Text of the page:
Track and Field Terminology

True or False: Track and Field is one of the oldest competitive activities

Think about how natural the urge to race, to jump farther or higher, or to throw something further is. These activities are in many ways primal to us as humans.


Associated with learning how to accelerate


Associated with faster athletes having an advantage

Jumping and hurdling events

Having confidence in your movements, in body's ability, and in your rhythm as a mover are all incredibly important in a wide range of sports

Striking skills

Learning how to use your lower body to produce power to propel something a far distance (the throwing events in track and field) is not only fundamental to any throwing

How is track and field can be an excellent tool to develop movement competency for younger students?

Focuses on:
Age-appropriate activities for grades
- K-8 in a small selection of events/activities.
-Has the additional benefit of being individual in nature -
-It is easy to track progress and development from an individual's starting point.
-Progress can

Why should track and field be a part of your k-8 curriculum?


Essential Elements (Critical Elements)

The bio mechanical aspects of the various skills that are necessary to proper performance. The ones included in this course are the most basic and fundamental for the various skills.

Examples of essential elements for the shot put during the power phase position

During the power position include: weight on the back leg; heel-toe alignment; weight on the balls of the feet; feet 90� to the throwing sector; and shoulders 180� to the throwing sector.

Cognitive cues

Short catchy phrases that call attention to key components of a skill'
They work in part to describe/identify essential elements and in part to remind students of what to do.

True or false: Cues may not make sense to an 'outsider,' but should make sense to individuals that have received instruction.


A cue used in track and field is

'Hips to Lips' to remind students of and describe the path of travel the hand takes during sprinting.



An example of a progression for the hurdles include:

Beginning with running over flat marks on the ground to work on running rhythms before attempting to add higher barriers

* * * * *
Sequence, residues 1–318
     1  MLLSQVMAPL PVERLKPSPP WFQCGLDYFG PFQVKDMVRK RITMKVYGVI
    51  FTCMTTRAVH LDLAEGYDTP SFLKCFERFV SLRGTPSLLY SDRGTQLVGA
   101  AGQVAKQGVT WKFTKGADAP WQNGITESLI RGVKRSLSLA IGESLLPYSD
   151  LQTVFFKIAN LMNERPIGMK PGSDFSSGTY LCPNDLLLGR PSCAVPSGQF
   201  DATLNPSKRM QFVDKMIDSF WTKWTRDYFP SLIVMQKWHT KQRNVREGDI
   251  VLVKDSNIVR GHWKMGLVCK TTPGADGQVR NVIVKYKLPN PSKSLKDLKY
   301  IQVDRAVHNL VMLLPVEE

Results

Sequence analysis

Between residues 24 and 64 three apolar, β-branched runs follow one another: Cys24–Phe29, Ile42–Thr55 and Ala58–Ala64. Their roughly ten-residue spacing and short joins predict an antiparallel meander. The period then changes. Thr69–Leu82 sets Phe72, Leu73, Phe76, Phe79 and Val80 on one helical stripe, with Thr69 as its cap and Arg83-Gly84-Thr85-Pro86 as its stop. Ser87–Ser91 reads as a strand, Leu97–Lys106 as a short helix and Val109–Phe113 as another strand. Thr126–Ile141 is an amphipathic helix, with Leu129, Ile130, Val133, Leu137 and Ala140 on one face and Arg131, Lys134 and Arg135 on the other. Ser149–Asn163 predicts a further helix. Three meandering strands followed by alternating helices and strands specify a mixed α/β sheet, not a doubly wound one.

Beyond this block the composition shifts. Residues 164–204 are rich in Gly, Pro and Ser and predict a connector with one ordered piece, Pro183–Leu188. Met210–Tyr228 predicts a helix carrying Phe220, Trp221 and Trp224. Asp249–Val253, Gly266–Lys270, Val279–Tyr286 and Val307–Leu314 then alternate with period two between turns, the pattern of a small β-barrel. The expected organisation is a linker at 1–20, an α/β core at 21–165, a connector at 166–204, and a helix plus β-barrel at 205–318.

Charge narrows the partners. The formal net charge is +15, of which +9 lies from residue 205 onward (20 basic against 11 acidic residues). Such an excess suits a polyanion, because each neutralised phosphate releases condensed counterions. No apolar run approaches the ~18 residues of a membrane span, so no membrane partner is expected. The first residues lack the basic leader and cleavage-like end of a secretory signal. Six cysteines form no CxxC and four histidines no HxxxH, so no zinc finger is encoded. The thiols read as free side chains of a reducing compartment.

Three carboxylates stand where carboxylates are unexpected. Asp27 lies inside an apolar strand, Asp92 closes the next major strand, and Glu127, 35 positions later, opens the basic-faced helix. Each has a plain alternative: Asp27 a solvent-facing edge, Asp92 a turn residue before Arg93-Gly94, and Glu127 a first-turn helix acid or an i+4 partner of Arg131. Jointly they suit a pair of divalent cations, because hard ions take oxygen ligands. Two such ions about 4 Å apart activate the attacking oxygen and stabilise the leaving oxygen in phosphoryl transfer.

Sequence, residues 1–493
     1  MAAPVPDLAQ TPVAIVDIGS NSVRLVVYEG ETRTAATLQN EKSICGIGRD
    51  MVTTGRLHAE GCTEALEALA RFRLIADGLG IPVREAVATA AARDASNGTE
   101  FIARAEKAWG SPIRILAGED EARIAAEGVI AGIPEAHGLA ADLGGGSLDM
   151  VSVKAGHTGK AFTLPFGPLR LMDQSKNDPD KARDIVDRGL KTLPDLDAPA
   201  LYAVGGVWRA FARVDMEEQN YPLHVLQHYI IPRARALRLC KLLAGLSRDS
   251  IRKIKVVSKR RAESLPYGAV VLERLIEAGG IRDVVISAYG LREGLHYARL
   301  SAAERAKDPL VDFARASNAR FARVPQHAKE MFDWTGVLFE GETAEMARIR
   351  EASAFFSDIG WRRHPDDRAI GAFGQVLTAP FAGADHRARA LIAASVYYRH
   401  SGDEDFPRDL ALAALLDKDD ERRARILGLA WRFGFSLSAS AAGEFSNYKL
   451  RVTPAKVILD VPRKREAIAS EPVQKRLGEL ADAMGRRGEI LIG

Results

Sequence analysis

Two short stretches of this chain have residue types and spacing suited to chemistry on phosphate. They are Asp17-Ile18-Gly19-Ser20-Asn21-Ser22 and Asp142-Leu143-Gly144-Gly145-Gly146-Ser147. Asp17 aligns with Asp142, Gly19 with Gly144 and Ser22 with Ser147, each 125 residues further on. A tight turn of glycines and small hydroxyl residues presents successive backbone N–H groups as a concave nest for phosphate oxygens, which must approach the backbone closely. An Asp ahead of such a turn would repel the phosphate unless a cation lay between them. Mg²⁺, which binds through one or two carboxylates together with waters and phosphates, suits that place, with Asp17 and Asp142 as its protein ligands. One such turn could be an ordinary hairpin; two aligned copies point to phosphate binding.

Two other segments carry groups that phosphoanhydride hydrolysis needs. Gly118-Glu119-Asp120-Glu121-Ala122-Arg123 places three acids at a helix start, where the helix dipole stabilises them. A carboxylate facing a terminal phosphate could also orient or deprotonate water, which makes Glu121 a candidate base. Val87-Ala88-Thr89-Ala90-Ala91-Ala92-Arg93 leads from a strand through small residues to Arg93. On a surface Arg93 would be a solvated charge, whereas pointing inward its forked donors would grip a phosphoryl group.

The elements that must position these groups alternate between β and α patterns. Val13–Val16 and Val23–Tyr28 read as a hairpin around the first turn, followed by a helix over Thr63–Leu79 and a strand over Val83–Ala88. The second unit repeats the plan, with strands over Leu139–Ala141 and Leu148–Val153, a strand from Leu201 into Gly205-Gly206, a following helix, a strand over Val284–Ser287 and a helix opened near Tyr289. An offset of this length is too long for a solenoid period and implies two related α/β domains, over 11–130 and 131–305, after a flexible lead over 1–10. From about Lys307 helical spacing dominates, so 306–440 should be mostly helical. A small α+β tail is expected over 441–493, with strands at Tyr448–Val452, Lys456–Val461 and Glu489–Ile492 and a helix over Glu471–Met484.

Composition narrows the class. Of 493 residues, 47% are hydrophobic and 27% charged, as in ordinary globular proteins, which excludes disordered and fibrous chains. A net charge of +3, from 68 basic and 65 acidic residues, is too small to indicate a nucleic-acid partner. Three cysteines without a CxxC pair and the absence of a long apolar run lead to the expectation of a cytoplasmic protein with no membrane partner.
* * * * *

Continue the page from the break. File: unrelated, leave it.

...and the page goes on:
Sprints generally range from

55 meters to 400 meters

The 'typical' distance contested in New York State at the high school level are

55 meters and the 300 meters indoors
(although sometimes the 55 meters is replaced with shorter races due to facility constraints),
-the 100, 200, and 400 meters outdoors.

At the international level, the championship distances are the

60, 200 and 400 meters indoors, and the 100, 200, and 400 meters outdoors.

Should there be direct contact between competitors?

No direct contact should be made with the players. (although sometimes the 300 and usually the 400 meters indoors may only have some of the race in lanes)

1st Guideline to Sprint events:

Generally, a three-command start should be used (on your mark, set, and go - which could be verbal, a whistle, or another noisemaker). Visual signals are helpful as well to assist the timers!

2nd Guideline to Sprint events:

Rules for false starting vary by the level of competition. A good rule for the school setting is to allow one false start per student. Good officials vary the amount of time between the 'set' and 'go' commands to reduce anticipation and encourage reaction

3rd Guideline to Sprint events: Who should be there to monitor the race?

There should be at least 2 'officials:' one starter and one finish judge.

How many timers per sprinter/runner?

One timer per sprinter.

Timers should start watches on the _____________, and stop the watch when ______________________.


True or false: Timers should be assigned lanes and or athletes rather than places.

False: Should be assigned places rather than lanes or athletes.
The finish judge rules on all discrepancies. Where possible, multiple timers(individuals) should be used for each place. Average the times or, if three or five timers are used, use the median

True or false: Times are always rounded up to the next tenth of a second unless automatic (electronic) timing is used

True: (e.g. 12.73 seconds on the watch becomes 12.8 seconds for results). This is to help control for human inaccuracies with timing.

One way you can get disqualified from the sprint event is:

� Leaving a lane is grounds for disqualification - technically stepping on the lane line is considered leaving your lane.

Essential Elements for Sprinting #1


Cues or activity/explanation for Proper Arm Action

-Relax! Arms, hands, shoulders, face, etc. � -The elbow angle should stay constant at approximately 90�